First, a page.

Making a house a home! Couple completely transform ‘dangerous’ dilapidated semi-detached house in a year after buying from the council for just £1
- Sam and Rachael Kamau’s property had a waterfall coming down the staircase’
- The bathroom had no floor when the house was handed to them by the council
- Only the bricks outside of the house didn’t need work but couple pressed on
- They spent a year and tens of thousands of pounds carefully restoring property
A couple who bought a dilapidated house for £1 a year ago have proudly displayed the stunning transformation it has gone through.
Sam and Rachael Kamau’s property in Wavertree, Liverpool, had ‘a waterfall coming down the staircase’ and a ‘bathroom with no floor’ when it was handed to them by the city council as part of the Homes for a Pound Plus scheme.
The house was in such poor repair that they couldn’t even look inside because it was so dangerous.
When they first saw the house, it was in such poor repair that they couldn’t even look inside because it was so dangerous.
The Kamaus had been renting in Liverpool for 16 years after moving to the city from Kenya and decided to give the £1 homes project a go as a way onto the property ladder.
But when they first looked around, they realised the scale of the task ahead of them.
Mrs Kamau explained: ‘When we heard about the £1 home scheme we thought why not? We had two growing girls who have always had to share a bedroom and the house was becoming far too cramped.
‘When we saw this house, it was a bit of a shock. There was a waterfall coming down the staircase because the roof had no lining, the bathroom had no floor so you could see through to the kitchen, plaster was peeling off the walls.
When Rachael and Sam they first looked around, they realised the scale of the task ahead of them
The bathroom had no floor and there was water running down the walls when they first started work
The Kamaus , who live in the house with their daughters Alexis, 12 and 19-year-old Anne, spent the next year and tens of thousands of pounds carefully restoring the property
‘Everything needed doing, except replacing the bricks on the outside of the house.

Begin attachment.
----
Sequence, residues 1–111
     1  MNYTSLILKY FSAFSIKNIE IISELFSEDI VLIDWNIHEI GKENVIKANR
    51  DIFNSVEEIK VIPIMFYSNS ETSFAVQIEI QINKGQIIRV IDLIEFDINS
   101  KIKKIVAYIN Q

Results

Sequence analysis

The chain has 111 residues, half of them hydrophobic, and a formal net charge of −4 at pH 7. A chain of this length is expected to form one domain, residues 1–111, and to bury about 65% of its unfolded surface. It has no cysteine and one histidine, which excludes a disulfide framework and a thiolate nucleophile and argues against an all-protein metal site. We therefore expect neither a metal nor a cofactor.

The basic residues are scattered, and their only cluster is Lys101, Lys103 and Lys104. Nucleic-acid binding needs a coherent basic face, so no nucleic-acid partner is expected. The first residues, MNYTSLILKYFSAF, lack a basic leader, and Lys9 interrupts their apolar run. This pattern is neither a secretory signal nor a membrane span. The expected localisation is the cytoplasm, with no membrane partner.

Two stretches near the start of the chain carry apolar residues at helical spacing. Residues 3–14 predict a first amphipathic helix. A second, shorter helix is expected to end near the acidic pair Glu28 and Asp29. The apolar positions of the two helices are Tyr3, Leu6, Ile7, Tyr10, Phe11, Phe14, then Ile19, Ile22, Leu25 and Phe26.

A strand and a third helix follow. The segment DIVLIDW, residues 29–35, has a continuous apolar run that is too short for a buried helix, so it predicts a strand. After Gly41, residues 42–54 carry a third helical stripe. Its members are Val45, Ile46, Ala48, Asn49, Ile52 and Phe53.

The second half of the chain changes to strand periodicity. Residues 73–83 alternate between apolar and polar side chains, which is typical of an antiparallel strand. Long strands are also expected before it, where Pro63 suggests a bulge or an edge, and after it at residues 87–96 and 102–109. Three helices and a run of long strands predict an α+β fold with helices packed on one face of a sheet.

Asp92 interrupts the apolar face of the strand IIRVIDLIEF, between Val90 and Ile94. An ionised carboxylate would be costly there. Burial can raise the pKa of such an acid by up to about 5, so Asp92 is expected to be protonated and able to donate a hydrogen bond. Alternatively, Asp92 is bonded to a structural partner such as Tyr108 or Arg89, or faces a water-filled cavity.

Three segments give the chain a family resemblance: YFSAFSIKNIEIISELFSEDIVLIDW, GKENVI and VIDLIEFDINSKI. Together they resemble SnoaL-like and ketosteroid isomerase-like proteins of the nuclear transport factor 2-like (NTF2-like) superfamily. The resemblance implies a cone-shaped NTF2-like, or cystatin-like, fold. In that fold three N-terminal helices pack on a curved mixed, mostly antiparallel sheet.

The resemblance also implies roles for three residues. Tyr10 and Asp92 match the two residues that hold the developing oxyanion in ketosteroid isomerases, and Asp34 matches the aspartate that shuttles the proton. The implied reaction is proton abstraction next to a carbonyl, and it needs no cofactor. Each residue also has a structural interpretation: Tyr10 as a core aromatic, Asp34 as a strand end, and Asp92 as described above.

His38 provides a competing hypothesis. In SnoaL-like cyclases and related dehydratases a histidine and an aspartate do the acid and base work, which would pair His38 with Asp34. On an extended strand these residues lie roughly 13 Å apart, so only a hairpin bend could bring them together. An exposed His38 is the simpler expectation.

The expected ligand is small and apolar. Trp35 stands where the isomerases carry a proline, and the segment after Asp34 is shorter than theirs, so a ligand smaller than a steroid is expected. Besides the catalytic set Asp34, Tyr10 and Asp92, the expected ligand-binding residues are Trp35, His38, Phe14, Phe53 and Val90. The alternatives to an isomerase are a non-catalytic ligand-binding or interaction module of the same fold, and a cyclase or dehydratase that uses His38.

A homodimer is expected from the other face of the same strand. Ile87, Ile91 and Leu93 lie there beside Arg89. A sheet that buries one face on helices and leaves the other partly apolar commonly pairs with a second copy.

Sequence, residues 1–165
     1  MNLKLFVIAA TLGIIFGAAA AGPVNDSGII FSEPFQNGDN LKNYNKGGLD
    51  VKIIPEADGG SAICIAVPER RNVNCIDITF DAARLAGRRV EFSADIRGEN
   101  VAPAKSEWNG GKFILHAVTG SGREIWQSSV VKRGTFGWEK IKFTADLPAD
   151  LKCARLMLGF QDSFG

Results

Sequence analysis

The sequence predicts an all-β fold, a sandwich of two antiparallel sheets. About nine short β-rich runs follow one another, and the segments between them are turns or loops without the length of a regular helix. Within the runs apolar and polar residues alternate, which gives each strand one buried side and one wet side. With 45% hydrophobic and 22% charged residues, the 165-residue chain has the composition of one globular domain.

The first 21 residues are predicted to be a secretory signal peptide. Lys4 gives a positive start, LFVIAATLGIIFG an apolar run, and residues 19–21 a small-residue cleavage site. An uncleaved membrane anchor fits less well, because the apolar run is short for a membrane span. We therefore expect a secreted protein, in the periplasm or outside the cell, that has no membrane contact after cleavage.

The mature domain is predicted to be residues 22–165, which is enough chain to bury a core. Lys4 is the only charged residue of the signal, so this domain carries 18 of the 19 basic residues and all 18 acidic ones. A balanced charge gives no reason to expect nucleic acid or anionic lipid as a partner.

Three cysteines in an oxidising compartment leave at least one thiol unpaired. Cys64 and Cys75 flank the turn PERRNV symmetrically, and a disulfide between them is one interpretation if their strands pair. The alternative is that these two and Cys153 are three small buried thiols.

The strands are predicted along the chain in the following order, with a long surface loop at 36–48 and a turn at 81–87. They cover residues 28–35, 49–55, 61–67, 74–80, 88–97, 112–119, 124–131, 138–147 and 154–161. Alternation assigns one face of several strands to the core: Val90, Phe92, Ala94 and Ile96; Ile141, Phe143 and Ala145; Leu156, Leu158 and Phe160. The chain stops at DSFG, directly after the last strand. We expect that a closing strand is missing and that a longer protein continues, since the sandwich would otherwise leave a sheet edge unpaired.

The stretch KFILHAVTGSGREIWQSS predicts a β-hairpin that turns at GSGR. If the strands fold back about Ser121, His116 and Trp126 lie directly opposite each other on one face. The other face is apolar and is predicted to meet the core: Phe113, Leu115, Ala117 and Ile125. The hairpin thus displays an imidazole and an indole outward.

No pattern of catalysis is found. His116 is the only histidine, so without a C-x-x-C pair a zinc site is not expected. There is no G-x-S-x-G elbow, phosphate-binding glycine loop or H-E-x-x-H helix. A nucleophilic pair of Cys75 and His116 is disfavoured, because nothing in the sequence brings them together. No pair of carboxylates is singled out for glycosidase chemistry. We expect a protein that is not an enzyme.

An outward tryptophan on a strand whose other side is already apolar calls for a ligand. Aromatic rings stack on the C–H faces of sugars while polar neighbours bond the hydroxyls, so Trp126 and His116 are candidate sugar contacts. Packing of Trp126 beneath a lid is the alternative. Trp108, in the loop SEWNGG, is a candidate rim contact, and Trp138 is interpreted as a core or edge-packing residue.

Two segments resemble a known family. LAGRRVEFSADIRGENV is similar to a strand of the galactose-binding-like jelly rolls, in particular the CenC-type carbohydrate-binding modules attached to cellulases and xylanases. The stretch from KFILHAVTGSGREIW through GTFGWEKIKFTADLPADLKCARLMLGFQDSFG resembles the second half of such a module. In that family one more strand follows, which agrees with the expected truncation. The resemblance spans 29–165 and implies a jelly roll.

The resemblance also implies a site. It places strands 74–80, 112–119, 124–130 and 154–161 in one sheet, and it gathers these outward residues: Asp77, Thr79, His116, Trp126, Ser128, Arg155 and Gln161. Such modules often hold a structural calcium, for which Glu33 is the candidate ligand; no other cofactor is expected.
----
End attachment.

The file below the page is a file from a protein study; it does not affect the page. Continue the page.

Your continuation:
‘It was the worst house we’d ever seen and I know most people would have just turned around and walked away but what we saw, beyond the poor condition, was the space.
‘And whatever needed to be done paled into insignificance to the space.’
The Kamaus – who live in the house with their daughters Alexis, 12 and 19-year-old Anne, spent the next year and tens of thousands of pounds carefully restoring the property and today they opened their doors to the media – and to Liverpool Mayor Joe Anderson – to show off their remarkable achievement.
Mrs Kamau said: ‘It’s been the best pound we’ve ever spent and the journey has been a real roller coaster.
‘It’s been very tiring because we both work and we’ve been coming every single day since we got the keys and sometimes it felt like nothing was happening.
‘Even by March we could only walk in the middle of the hallway because there were no floorboards but when that job was done and the new windows went in we felt like we’d turned the corner.
‘Then it started to feel like a house. Not yet a home, but a house and that was a big moment.’
In June the family began to look at furnishings and colour schemes.
Mrs Kamau added: ‘Because we’d never done this before we couldn’t make our mind up.’
‘The first night was strange. It had been hard saying goodbye to our old neighbours and there were boxes everywhere but moving in felt such a huge achievement, we felt like we’d won the lottery.
Rachael and Sam had been renting in Liverpool for 16 years after moving to the city from Kenya and decided to give the £1 homes project a go as a way onto the property ladder
They said the work was very tiring because they had to combine it with working and sometimes it felt like nothing was happening
In June the family began to look at furnishings and colour schemes, which Rachel said was hard ‘because we’d never done this before we couldn’t make our mind up’
The first night they spent in the house it ‘felt such a huge achievement, we felt like we’d won the lottery’
Rachel said most people would have just turned around and walked away but they saw a home
‘Then the next morning. All I can say is waking up in your own home is indescribable.
‘There’s still bits we need to do and we’re still learning about what works and doesn’t but it’s all been worth it. Sam’s birthday is in December.
‘That’s the first birthday we get to celebrate here and it will be a very special occasion.’
Homes for a Pound is one of the schemes Liverpool Council is using in a bid to bring around 6,000 houses back into use.
The couple show Liverpool council leader Joe Anderson around their new home. Homes for a Pound is one of the schemes Liverpool Council is using in a bid to bring around 6,000 houses back into use.
The Homes for a Pound Plus project involves 120 properties in the Garrick Street/Webster Road/Bird Street/Richardson Street area of Picton.
The properties are being released in three phases of roughly 40 properties per phase.
A total of one hundred families have now been allocated a property, with a further 350 families being considered for one.
To be eligible for a £1 home people have to live or work in Liverpool.
Houses are only handed over on the condition that the buyer will bring them up to a decent homes standard and not sell it on for five years.
‘I’m delighted we’ve got lots more properties lined up for other families and we won’t be stopping there,’ said Houses for a Pound.
‘Next month we’ll be launching a new housing company because we’ve got thousands of properties which can be brought back to life and we’re doing that because the demand is there.
‘People want to get on the housing ladder and Liverpool is still regenerating, still growing and very much an attractive place to work and live.’